David Jones, artist and poet (1895-1974) begins his PREFACE TO THE ANATHEMATA :

'I have made a heap of all that I could find.' (1) So wrote Nennius, or whoever composed the introductory matter to Historia Brittonum. He speaks of an 'inward wound' which was caused by the fear that certain things dear to him 'should be like smoke dissipated'. Further, he says, 'not trusting my own learning, which is none at all, but partly from writings and monuments of the ancient inhabitants of Britain, partly from the annals of the Romans and the chronicles of the sacred fathers, Isidore, Hieronymous, Prosper, Eusebius and from the histories of the Scots and Saxons although our enemies . . . I have lispingly put together this . . . about past transactions, that [this material] might not be trodden under foot'. (2)

(1) The actual words are coacervavi omne quod inveni, and occur in Prologue 2 to the Historia.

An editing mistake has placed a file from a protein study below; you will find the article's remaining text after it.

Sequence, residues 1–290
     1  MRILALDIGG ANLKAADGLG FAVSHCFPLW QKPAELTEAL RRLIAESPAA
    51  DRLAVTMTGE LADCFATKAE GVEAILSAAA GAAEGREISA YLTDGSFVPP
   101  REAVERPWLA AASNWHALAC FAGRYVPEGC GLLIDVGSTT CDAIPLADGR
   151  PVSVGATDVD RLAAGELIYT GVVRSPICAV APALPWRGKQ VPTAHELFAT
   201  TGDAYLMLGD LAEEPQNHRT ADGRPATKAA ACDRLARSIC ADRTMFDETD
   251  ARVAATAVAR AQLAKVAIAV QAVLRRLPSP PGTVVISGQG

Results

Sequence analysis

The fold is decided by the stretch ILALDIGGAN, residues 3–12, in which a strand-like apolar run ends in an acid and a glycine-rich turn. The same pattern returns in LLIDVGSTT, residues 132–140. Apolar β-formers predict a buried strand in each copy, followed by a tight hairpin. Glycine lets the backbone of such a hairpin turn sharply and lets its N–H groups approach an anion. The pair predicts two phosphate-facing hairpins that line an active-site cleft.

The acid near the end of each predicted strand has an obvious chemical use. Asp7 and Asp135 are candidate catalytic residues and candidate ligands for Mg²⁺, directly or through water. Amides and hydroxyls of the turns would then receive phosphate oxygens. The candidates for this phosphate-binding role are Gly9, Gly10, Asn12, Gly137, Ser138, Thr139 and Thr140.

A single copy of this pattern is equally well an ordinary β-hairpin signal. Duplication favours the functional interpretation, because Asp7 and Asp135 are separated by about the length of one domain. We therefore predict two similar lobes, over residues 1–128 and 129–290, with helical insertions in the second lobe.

(2) Quoted from the translation of Prologue 1. See The Works of Gildas and Nennius, J.A.Giles, London 1841.

10 December 2012

You ain't seen nothin' yet!

Peter Tyndall says “Usually I don’t provide a bio when I’m exhibiting. From my side, it’s a convention that irks : the de rigueur list of Selected Places of Study, Selected Exhibitions, Selected Collections. If I do give one it’s usually a one-off construction (all bios are constructions), a creative complement to some aspect of the particular show.” The man's bio is a work of art. His works all bear the same title 'A Person Looks At A Work Of Art/someone looks at something… LOGOS/HA HA'. The man is a riddle wrapped in a mystery inside an enigma accompanied by a press release written in invisible ink. Visit this exhibition of his works from the mid '70s to the present, and join the dots. The dots are also invisible.
Two Thousand
Sydney, December 2012

Peter Tyndall, 'detail' 
245 Wilson St, Darlington

   A Person Looks At A Work Of Art/
   someone looks at something ...